Forum for Science, Industry and Business

Sponsored by:     3M 
Search our Site:

 

Scientists probe the energy transfer process in photosynthetic proteins

03.08.2011
Researchers have developed a new method to probe the fundamental workings of photosynthesis. The new experimental technique could help scientists better understand the nitty-gritty details of nature's amazingly efficient sunlight-to-fuel conversion system.

Plants and other photosynthetic organisms grow by harvesting the sun's energy and storing it in chemical bonds.

Antenna proteins, which are made up of multiple light-absorbing pigments, capture sunlight over a large surface area and then transfer the energy through a series of molecules to a reaction center where it kick-starts the process of building sugars. Photosynthetic processes take place is spaces so tightly packed with pigment molecules that strange quantum mechanical effects can come into play.

When a pigment molecule absorbs light, one of its electrons is boosted into an "excited" higher energy state. If multiple pigments in a protein absorb light nearly simultaneously, their wave-like excitation states may overlap and become linked to one another, affecting the path of the energy transfer.

Researchers from the University of California, Berkeley, led by Graham Fleming, discovered they could test whether this overlap had occurred. The scientists excited a well-studied photosynthetic antenna protein, called Fenna-Matthews-Olson (FMO), with two different frequencies of laser-light.

When the researchers used a third laser pulse to prompt the protein to release energy, they found it emitted different frequencies than those it had received, a sign that the two excitation states had linked. Alternative methods for observing overlapping excitations had been proposed before, but the new technique may be easier to implement since it relies only on frequency —or color—shifts, and not on precisely timed pulses.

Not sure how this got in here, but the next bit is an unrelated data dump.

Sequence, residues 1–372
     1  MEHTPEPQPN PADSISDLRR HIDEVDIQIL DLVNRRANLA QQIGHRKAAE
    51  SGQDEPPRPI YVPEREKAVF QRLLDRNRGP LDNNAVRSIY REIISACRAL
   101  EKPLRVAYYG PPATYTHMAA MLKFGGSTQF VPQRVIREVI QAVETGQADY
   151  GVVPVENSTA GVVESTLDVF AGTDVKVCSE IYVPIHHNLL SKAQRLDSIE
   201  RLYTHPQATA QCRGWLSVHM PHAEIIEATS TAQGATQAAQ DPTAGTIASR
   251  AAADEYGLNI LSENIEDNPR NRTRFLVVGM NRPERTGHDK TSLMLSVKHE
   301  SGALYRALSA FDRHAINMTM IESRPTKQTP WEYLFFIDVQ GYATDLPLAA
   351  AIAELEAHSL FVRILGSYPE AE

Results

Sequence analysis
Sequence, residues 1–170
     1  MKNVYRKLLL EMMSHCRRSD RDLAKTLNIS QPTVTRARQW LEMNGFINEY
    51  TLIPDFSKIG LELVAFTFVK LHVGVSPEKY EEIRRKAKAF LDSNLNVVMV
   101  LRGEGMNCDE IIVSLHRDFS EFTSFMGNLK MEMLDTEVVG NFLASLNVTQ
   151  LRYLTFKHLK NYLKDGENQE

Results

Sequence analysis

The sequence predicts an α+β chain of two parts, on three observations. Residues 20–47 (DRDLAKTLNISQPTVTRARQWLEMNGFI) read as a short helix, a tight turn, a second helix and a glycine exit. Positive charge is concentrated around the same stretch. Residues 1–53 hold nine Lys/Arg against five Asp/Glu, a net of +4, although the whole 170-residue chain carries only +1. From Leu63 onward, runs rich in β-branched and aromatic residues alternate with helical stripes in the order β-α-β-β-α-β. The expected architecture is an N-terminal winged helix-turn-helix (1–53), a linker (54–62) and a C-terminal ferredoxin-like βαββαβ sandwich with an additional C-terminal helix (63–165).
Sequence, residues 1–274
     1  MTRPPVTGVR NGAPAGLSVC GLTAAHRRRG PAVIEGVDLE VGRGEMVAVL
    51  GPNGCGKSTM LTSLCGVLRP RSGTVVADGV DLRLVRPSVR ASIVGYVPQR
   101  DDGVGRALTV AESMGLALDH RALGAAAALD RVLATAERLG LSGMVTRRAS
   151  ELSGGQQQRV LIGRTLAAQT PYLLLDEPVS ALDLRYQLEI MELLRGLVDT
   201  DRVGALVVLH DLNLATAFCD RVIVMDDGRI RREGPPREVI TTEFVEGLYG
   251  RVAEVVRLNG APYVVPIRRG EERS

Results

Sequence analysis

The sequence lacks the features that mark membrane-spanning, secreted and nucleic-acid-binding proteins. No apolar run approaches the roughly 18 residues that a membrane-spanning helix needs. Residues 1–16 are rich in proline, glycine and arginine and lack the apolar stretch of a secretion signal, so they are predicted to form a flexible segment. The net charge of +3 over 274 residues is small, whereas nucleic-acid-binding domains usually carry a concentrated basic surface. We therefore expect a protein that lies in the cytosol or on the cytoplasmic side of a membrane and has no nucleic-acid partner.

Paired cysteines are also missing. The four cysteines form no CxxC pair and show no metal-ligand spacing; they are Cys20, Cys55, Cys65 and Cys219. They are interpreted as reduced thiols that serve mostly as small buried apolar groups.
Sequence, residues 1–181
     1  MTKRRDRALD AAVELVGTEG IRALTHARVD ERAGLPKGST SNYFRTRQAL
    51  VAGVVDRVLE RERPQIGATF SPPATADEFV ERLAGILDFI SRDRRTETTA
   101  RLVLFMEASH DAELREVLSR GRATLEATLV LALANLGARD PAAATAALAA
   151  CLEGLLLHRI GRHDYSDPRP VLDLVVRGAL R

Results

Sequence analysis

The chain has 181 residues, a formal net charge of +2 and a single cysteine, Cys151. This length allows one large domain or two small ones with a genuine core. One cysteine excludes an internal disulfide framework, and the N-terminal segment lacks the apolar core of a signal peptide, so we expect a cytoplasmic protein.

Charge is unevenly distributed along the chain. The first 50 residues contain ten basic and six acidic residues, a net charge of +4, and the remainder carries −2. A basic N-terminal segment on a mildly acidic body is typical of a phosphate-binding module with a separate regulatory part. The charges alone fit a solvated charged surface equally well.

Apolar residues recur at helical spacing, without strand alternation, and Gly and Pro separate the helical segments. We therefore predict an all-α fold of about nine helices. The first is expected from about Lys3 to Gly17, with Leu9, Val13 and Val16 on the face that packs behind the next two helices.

"It is a relatively simple task to separate colors from each other," says team member Jahan Dawlaty, who also noted that the evidence of overlap was not hidden among other optical effects, as it might be when using a different technique. The team's results are published in the American Institute of Physics' Journal of Chemical Physics (JCP). The new method could be used to create a catalogue of the various excitation states in FMO and their potential combinations, the team says.

"The experiment is interesting and was carried out in a novel way," says Shaul Mukamel, a chemist at University of California, Irvine, who was not part of the research team. Mukamel noted that the technique might also be applied to larger complexes and reactions centers. Probing energy levels and pigment couplings in photosynthetic systems is essential to understanding, modeling, and testing the function of these systems, he says.

And, with better understanding, human engineers might one day be able to capitalize on the same energy conversion tactics that photosynthetic organisms have developed over billions of years, notes Ed Castner, editor of JCP and a chemist at Rutgers University in New Jersey.

"The annual total for human energy usage on our planet is roughly equivalent to the amount of light energy incident on the planet in a single hour," says Castner. "To address our needs for safe, sustainable and renewable fuels, it is clearly urgent to understand how photosynthesis works."

Catherine Meyers | EurekAlert!
Further information:
http://www.aip.org

More articles from Life Sciences:

nachricht Tag it EASI – a new method for accurate protein analysis